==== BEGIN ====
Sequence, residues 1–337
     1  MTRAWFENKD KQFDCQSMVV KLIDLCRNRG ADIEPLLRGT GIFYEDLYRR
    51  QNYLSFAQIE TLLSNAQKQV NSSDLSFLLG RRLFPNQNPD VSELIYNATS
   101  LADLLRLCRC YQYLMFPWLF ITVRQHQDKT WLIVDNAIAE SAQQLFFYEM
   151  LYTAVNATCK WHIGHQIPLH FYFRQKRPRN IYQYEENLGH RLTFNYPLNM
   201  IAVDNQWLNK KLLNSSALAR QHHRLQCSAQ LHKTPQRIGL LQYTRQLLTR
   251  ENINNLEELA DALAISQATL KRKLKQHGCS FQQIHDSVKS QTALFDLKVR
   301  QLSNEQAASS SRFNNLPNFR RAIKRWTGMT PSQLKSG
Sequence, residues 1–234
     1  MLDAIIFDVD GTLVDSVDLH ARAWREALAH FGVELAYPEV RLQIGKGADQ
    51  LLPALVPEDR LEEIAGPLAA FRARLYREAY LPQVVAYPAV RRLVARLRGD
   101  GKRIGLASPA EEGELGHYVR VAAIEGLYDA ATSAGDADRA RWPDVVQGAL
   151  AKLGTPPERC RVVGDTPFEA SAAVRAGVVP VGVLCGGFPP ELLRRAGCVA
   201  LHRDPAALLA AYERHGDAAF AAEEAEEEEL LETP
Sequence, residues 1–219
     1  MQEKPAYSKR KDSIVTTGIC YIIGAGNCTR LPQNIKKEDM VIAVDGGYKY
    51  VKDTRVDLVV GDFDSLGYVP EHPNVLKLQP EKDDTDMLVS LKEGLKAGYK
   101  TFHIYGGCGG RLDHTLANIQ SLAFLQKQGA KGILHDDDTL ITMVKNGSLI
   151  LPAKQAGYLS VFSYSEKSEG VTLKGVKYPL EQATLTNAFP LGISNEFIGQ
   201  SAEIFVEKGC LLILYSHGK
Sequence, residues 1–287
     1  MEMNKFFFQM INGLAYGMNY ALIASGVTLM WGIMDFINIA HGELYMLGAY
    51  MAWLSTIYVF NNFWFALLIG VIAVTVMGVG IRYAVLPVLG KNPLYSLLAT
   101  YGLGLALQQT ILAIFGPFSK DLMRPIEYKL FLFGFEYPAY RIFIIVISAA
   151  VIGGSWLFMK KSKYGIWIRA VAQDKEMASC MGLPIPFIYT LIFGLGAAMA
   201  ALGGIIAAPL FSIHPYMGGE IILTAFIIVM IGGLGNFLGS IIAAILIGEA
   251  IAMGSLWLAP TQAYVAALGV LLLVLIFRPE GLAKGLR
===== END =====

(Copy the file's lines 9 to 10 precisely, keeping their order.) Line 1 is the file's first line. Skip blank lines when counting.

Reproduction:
Sequence, residues 1–234
     1  MLDAIIFDVD GTLVDSVDLH ARAWREALAH FGVELAYPEV RLQIGKGADQ